The Case for Three-Day Weekends


Grace Poster photo

Students leave school 90 minutes early on a recent early-release day.

In our society, we prioritize our labor output over our own health. Whether you’re sick or just want a day off, you have to come in to clock in that nine-to-five. The United States is in fact the only developed country to not offer mandatory maternity leave or paid leave for holidays and vacations. All of this and more has led to groups in the United States pushing for a four-day work week, as opposed to our current five-day schedule. 

In countries such as Iceland, New Zealand, Spain, and Japan, citizens have launched four-day pilots, which have reportedly increased productivity. According to Business Insider’s “Microsoft experimented with a 4-day workweek,” not only has the four-day work week already been proven to work in other countries, but it has been seen to be more effective. Microsoft Japan noticed a 40 percent boost in productivity after implementing the four-day schedule. Microsoft also reported that electricity consumption was down 23.1% as well.

Contrary to the shortened week, weakened labor laws and new technologies have actually allowed bosses to work their employees far beyond the standard 40-hour work week. People just don’t want to work in our current day conditions in our modern America. According to the New York Times’ “Is the Four-Day Workweek Finally Within Our Grasp?,” the idea of a shortened work week echoes decades into the past. Even former president Jimmy Carter agreed that a four-day work week would benefit all Americans and  “would conserve energy amid the oil crisis, and considered urging companies to adopt it”.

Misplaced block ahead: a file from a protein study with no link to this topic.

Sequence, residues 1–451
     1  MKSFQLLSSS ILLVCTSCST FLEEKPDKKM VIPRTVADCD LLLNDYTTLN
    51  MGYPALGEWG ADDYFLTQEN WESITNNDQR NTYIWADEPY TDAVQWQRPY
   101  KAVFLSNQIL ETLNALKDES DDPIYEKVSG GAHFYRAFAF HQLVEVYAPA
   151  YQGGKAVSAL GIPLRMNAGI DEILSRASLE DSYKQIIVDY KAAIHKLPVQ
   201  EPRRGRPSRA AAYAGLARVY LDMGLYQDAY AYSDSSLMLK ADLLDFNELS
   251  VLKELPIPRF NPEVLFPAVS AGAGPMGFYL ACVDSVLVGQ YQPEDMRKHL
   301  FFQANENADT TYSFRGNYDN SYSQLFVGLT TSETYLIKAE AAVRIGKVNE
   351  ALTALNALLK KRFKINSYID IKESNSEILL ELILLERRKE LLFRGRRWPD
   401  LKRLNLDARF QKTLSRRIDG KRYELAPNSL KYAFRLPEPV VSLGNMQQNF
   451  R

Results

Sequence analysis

Some might claim that a four-day work week will make the life of a customer harder, as they will want to shop at places on Friday, which would be closed, unbeknownst to them. This will also allegedly hurt the economy, as laborers aren’t able to put out enough goods to meet demands due to the shortened timespan. 

However, the exact same argument could be made for our existing weekends. A lot of people do not work on weekends, but it is where customers do the majority of their shopping. Productivity does not decrease because we have weekends, and removing weekends might even lower productivity. Also, adding an extra day to the weekend would not majorly affect the economy as productivity goes up by a staggering amount. Americans need the four-day work week to advance and be more productive as a nation.